(Want to earn more miles and points from credit cards?  Click here to visit our dedicated airline and hotel travel credit cards page or use the ‘Credit Cards Update’ link in the menu bar at the top of the page.)

Disclaimer: Head for Points is a journalistic website. Nothing here should be construed as financial advice, and it is your own responsibility to ensure that any product is right for your circumstances. Recommendations are based primarily on the ability to earn miles and points and do not consider interest rates, service levels or any impact on your credit history.  By recommending credit cards on this site, I am – technically – acting as a credit broker.  Robert Burgess, trading as Head for Points, is regulated and authorised by the Financial Conduct Authority to act as a credit broker.

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Comments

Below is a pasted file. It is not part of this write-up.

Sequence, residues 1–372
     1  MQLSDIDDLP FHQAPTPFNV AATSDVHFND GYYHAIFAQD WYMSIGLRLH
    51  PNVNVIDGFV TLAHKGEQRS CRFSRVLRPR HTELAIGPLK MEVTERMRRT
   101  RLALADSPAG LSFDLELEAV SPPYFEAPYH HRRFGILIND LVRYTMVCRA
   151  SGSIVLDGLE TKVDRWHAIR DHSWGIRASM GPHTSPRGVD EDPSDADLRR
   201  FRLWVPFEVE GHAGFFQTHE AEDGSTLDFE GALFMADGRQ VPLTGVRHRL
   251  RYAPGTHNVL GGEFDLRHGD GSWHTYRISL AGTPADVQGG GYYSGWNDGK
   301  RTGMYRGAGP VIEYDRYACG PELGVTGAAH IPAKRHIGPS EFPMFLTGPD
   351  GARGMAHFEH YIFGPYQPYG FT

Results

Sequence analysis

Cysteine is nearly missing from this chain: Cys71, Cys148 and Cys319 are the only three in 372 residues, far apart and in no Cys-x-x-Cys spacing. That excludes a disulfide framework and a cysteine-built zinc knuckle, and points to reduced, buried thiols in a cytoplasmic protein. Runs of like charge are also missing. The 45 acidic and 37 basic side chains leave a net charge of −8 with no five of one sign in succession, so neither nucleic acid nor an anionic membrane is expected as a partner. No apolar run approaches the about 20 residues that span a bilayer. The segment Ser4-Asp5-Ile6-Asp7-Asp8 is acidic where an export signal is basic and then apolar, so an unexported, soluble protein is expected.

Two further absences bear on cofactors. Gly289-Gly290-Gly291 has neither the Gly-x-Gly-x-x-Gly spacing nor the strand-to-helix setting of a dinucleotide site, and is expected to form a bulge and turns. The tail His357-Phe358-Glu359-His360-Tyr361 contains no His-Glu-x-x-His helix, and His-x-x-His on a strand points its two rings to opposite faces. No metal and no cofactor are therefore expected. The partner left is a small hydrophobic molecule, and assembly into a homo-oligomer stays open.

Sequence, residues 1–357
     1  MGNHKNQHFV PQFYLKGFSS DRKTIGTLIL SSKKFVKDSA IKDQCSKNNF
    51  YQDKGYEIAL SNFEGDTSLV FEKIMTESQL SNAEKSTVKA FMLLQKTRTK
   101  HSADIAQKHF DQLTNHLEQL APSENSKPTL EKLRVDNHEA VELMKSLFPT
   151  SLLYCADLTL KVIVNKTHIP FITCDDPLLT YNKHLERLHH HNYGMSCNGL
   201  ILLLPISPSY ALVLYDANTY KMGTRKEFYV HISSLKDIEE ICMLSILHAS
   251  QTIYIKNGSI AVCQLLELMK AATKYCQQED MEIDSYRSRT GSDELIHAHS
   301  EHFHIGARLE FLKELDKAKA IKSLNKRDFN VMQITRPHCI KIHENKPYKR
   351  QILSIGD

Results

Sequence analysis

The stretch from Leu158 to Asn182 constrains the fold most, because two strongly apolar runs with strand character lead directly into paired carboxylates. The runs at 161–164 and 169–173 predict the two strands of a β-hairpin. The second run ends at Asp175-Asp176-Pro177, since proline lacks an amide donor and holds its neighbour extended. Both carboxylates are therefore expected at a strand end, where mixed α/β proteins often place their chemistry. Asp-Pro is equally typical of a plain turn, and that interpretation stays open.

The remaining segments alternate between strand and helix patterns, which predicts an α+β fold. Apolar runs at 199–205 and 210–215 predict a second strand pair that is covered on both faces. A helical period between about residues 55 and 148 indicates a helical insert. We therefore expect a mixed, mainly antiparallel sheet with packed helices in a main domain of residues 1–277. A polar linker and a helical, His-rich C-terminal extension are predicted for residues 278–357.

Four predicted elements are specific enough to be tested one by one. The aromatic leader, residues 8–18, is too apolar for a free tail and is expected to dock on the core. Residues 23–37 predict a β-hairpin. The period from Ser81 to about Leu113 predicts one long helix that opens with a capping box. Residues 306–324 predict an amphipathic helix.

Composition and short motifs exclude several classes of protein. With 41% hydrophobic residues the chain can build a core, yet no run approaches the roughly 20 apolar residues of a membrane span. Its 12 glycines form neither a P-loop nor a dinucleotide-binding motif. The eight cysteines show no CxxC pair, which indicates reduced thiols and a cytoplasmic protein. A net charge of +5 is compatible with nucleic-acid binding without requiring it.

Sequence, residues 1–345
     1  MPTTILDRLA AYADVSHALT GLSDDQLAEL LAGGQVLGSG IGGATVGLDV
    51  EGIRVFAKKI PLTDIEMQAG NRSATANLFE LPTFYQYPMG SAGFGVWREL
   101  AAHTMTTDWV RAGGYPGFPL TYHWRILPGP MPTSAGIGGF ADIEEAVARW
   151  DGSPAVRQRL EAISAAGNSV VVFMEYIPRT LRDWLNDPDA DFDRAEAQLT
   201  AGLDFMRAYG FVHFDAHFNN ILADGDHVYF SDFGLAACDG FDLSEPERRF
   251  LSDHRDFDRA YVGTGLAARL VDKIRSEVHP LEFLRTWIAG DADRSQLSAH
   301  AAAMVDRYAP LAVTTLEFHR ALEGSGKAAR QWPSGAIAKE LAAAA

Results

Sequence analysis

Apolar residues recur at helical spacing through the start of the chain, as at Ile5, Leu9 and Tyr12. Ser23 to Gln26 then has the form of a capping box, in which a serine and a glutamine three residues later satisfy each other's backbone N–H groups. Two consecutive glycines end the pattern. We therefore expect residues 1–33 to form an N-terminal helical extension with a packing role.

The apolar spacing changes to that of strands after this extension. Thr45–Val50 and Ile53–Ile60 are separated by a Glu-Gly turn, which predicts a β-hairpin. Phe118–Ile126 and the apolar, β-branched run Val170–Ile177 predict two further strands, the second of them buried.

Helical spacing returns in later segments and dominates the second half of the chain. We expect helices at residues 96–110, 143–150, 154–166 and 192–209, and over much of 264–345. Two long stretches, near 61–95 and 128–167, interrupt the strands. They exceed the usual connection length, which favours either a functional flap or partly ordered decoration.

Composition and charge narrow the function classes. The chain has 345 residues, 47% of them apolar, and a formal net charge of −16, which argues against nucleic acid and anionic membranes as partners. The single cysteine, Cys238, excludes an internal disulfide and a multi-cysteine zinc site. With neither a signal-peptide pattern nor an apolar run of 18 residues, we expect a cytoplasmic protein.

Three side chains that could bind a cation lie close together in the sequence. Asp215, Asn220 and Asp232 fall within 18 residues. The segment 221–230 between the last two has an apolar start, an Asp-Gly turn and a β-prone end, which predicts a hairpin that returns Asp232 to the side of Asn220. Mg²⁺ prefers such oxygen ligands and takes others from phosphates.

1. Virgin miles flights (other than New York) in upper are often very difficult to get eg Johannesburg near impossible and partner airlines eg Air New Zealand I was told never offer business seats using virgin Miles
    I have used both programs over past 19 years and B A Avios if by far the best option for availability

    • ANZ and Singapore are not bookable from the UK in practice but they can be booked for regional travel.

    • I’ve said this on other threads yesterday but this has not been my experience with all US and Hong Kong flights.

  2. I always fly economy but find that the taxes are too steep for longhaul so just focus on ba RFS in europe for redemptions. I have flown to the states various times for roughly the same amount you would pay in taxes so even with 100 pounds less in tax I dont see the real benefit.

  3. I do disagree that it’s harder to find availability in J on Virgin. We are flexible – not tied to the school hols and we live in London. I have never really not found availability with UC in Virgin, I’ve maybe had to change my search dates by a few days max. Compare this to looking for F in BA (I try to redeem only for F if I can) AND J – it is a completely different story. Frankly I’m fed up with BA’s lack of availability. Ever tried to find J to BKK?? The big difference is of course the size of the route network. I also admit to only really looking at US and HKG. It might be a different story for Dubai and Delhi